Rejuvenation of the heritage Makatote rail viaduct

Structural Designer

Opus International Consultants

Client Name

KiwiRail

Location

New Zealand

PRINCIPAL CONTRACTOR: TBS Farnsworth        

ARCHITECT: Heritage New Zealand            

PROJECT MANAGEMENT AND CONTRACT ADMINISTRATION: 41 South

INDEPENDENT COATING INSPECTOR: Pacific Corrosion Consultants

PROJECT DESCRIPTION

Makatote rail viaduct is located in the North Island of New Zealand. It is one of the tallest railway viaducts in the country and holds significant heritage value for its elegance and the technology used at the time of construction (circa 1908). The viaduct began to suffer from corrosion, which subsequently led to section losses of steel elements. With an additional desire to upgrade the viaduct to the future load requirements of KiwiRail, the viaduct was refurbished and strengthened to extend its life for another 50 years.

Judge's comment:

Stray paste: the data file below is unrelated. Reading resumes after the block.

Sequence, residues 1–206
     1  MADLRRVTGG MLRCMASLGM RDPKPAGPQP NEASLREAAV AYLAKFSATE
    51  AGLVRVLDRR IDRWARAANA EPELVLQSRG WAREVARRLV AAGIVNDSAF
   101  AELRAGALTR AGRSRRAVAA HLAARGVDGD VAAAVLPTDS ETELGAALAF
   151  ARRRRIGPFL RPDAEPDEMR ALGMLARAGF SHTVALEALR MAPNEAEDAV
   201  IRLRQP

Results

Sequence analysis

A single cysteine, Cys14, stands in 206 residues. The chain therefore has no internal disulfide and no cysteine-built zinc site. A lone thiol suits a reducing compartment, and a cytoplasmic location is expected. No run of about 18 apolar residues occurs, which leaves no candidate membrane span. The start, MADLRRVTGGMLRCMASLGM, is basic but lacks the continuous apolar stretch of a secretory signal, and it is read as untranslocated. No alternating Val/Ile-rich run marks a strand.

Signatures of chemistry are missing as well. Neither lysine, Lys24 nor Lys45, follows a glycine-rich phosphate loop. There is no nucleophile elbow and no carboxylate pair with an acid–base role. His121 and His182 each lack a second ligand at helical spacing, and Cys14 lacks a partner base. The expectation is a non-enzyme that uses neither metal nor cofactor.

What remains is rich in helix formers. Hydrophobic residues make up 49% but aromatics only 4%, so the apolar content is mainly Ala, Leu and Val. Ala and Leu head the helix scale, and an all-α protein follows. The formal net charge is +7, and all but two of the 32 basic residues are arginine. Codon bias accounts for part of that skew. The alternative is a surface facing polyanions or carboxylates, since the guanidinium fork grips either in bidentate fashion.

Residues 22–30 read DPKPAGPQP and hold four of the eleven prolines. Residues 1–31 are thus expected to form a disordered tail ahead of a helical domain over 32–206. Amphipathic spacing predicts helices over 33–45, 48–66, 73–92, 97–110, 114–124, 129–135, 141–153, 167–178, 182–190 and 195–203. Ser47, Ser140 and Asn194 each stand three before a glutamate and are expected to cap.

The Makatote Rail Viaduct, situated 792m above sea level and one of the tallest bridges in the country, was deteriorating badly due to corrosion, resulting in loss of strength through oxidation of the steel structure. By carefully cataloguing and assessing the structure, the engineers were able to present a clear business case to the client for refurbishment and strengthening of the original skeleton, rather than opting for construction of a new viaduct. The project’s success was enhanced by involvement of the chosen contractor at an early stage, resulting in a close partnership to develop construction methodology that would allow continuous use of the viaduct throughout the restoration works.

Elegant, non-intrusive detailing of the strengthening procedures, such as new tension rods hidden behind existing structural members, mean that the heritage aspects of the viaduct have been fully maintained, while enabling increased loading from modern railway traffic. Environmental requirements have also been fully respected, in particular with regard to the removal of the original lead based paint, carried out under strict encapsulation and closely monitored. Strengthening was designed to be installed manually, and components were chosen carefully to allow for replacement of inadequate members in the interval between trains.

The result is a new lease of life for an iconic heritage viaduct whose aesthetics are fully maintained while its performance has been upgraded to comply with modern loading and safety requirements.